Thursday, November 24, 2022


I stayed home with the Japanese Holiday Tree because I could.

Some plants fell out of the ground and followed me home this week. They needed to go back in the ground. Two unusually robust Heucheras became nine big fat starts.

One large Doghobble, Leucothoe, became a dozen.

I don't have much regard for Heucheras because they have been a fussy plant for me. We shall see if they like it here and if the deer won't eat them.

One day there will be an evergreen hedge of Doghobble in the tree line behind the heiau.

I saw red viburnum berries.

Drawing new lines in evergreen for the under garden of winter. The new plants go up with a curve to the right behind the bamboo and uphill of the three large tree trunks in the center. Into the shade of the forest. That shade will slow them down.

How nice. My White Pine got buck whipped.

My hope is a Doghobble hedge is going to be a barrier that is harder to cross. There will be gates. One can hope.

It will also be the back wall and finished frame of the garden off on a tangent.

Off on a tangent, that is in some ways the story of my life. I tinker on.


beverly said...

I am interested in the chronology of your deer issues. It seems like the first several years you did not have any deer damage; I remember because I was envious but also because it seemed impossible in those woods. Have they gradually increased, or it took them awhile to find you, or what?
On my 1 1/2 acres here next to a swamp, I initially (10 yrs ago) had a group of deer and was considering a fence. But they never really increased, and a big flood in the swamp next door may have destroyed their sleeping quarters. Now I have 1 or 2, and they eat much less and eat different things. I am just curious about what makes their populations vary like this when there is ample space for them (My suspicion is the population will build back up, just as I become too old to do much about it).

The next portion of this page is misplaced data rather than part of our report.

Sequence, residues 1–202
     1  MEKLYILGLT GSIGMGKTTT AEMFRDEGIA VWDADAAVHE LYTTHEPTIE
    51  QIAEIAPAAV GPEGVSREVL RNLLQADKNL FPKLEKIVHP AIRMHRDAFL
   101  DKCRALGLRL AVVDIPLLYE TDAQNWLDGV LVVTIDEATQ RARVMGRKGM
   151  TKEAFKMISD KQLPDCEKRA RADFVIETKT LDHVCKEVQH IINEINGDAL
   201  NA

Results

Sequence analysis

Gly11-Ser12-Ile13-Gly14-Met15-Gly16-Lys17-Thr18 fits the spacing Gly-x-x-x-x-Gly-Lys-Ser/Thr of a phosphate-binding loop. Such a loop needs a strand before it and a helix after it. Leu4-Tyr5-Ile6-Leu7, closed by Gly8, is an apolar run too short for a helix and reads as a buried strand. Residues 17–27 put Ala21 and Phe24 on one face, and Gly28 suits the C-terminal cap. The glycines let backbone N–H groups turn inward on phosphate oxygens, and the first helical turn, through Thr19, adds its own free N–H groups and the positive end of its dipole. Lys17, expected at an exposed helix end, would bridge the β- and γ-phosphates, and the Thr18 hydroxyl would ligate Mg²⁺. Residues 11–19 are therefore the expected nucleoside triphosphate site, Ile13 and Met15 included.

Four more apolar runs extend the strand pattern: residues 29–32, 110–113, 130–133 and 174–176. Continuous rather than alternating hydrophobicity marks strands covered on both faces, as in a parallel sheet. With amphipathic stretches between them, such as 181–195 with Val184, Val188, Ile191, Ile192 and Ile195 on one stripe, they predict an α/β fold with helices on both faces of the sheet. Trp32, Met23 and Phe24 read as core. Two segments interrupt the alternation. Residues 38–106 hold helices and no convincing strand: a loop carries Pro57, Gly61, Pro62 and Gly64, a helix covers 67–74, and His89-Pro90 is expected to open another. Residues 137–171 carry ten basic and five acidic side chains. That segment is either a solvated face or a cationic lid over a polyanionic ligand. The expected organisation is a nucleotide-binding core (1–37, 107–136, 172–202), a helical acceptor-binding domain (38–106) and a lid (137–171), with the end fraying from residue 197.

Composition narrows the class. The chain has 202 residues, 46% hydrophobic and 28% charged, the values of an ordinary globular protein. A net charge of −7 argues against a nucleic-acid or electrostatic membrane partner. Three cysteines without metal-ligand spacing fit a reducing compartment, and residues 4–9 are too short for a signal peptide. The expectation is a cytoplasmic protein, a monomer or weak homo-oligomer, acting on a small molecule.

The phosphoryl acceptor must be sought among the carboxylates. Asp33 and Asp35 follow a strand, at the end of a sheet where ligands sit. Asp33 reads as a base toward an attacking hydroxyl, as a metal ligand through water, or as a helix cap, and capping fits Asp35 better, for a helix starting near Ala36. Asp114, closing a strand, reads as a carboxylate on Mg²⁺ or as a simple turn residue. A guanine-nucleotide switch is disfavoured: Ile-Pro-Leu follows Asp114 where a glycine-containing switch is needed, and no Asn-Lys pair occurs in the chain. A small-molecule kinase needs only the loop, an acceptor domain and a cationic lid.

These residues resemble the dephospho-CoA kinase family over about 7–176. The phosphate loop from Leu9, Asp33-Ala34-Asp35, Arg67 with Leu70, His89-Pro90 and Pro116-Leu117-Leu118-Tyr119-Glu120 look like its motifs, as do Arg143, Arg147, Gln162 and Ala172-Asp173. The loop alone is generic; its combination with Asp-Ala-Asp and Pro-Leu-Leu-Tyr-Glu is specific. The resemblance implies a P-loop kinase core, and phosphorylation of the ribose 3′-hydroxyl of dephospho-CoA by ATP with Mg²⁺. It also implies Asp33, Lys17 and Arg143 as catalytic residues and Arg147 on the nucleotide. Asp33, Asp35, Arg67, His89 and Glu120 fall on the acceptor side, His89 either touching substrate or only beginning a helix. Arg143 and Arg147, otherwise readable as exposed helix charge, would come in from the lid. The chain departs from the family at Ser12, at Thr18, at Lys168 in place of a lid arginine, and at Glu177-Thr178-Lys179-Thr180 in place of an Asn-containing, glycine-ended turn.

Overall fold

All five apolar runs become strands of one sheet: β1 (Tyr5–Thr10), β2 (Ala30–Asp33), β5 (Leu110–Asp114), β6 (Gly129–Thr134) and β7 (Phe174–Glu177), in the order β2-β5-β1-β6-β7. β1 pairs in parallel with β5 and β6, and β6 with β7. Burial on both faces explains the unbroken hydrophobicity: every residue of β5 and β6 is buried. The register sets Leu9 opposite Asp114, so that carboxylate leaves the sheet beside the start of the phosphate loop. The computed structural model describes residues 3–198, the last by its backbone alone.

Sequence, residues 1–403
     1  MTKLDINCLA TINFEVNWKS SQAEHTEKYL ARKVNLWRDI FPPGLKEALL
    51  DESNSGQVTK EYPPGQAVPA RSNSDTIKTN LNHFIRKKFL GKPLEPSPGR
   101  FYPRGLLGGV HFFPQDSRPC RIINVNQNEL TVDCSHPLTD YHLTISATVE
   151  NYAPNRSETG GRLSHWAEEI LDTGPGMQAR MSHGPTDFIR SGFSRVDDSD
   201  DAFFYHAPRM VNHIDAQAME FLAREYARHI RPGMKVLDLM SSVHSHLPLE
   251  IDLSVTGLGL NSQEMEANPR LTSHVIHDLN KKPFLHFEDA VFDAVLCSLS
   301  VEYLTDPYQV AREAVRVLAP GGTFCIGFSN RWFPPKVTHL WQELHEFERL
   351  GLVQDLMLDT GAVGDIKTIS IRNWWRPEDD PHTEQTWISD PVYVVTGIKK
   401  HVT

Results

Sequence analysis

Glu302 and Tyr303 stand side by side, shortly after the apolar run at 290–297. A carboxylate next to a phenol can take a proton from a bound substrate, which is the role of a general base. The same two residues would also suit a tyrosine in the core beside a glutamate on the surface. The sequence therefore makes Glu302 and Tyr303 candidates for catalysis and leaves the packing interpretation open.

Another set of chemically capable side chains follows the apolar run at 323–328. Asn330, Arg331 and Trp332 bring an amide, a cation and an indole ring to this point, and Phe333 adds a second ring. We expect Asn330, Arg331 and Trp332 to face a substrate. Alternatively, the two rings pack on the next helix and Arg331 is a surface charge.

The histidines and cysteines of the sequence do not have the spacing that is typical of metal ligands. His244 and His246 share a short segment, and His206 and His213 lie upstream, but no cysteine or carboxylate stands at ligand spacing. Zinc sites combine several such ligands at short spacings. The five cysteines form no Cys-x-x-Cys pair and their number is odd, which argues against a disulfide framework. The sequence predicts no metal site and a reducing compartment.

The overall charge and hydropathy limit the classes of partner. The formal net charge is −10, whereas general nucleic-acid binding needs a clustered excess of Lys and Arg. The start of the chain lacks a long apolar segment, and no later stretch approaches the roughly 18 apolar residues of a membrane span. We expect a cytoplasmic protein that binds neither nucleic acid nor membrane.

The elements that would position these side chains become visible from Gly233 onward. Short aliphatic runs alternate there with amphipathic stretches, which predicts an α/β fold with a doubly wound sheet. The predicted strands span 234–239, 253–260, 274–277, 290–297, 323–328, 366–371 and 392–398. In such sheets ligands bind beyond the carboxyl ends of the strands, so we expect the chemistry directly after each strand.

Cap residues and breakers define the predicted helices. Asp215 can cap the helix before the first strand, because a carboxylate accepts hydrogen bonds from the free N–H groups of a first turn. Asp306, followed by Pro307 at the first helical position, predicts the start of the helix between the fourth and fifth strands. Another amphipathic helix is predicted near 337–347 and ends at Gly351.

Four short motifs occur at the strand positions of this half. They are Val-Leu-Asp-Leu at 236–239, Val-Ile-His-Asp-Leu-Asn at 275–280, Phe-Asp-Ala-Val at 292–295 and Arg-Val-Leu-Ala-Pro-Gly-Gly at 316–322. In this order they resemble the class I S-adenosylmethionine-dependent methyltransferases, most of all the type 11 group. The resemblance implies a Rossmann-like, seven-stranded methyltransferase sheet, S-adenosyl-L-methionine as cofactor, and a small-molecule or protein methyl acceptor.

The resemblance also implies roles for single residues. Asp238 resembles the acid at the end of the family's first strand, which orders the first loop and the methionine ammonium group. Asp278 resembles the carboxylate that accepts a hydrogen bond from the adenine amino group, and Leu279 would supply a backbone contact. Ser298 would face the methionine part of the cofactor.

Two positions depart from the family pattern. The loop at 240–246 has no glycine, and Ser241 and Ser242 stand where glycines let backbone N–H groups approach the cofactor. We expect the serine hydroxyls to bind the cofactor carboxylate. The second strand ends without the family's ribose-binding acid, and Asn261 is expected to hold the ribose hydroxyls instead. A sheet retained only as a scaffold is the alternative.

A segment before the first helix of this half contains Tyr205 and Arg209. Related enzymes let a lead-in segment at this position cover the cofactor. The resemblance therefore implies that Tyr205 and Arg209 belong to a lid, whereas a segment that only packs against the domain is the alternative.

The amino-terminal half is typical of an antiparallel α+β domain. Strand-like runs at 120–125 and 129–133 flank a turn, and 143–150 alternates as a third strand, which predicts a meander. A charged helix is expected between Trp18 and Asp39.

Christopher C. NC said...

Beverly the short version is the deer have always been here. The first ten years they never browsed enough in the gardens to really notice or have any impact. The last five years their browsing has increased to the point of causing damage. Why that is, is a matter of speculation. Are there more deer or fewer hunters? Has the feeding route changed so they spend more time in the gardens? Has their surrounding food supply dwindled?

Despite the increased browsing only one year have they eaten all my mom's hosta and that was at the end of season when there wasn't much vegetation left before the first freeze. They still favor the native plants they have always eaten like blue wood aster, hydrangea arborescens and Solomon's Seal. Now they are just eating all of that and it is very noticeable.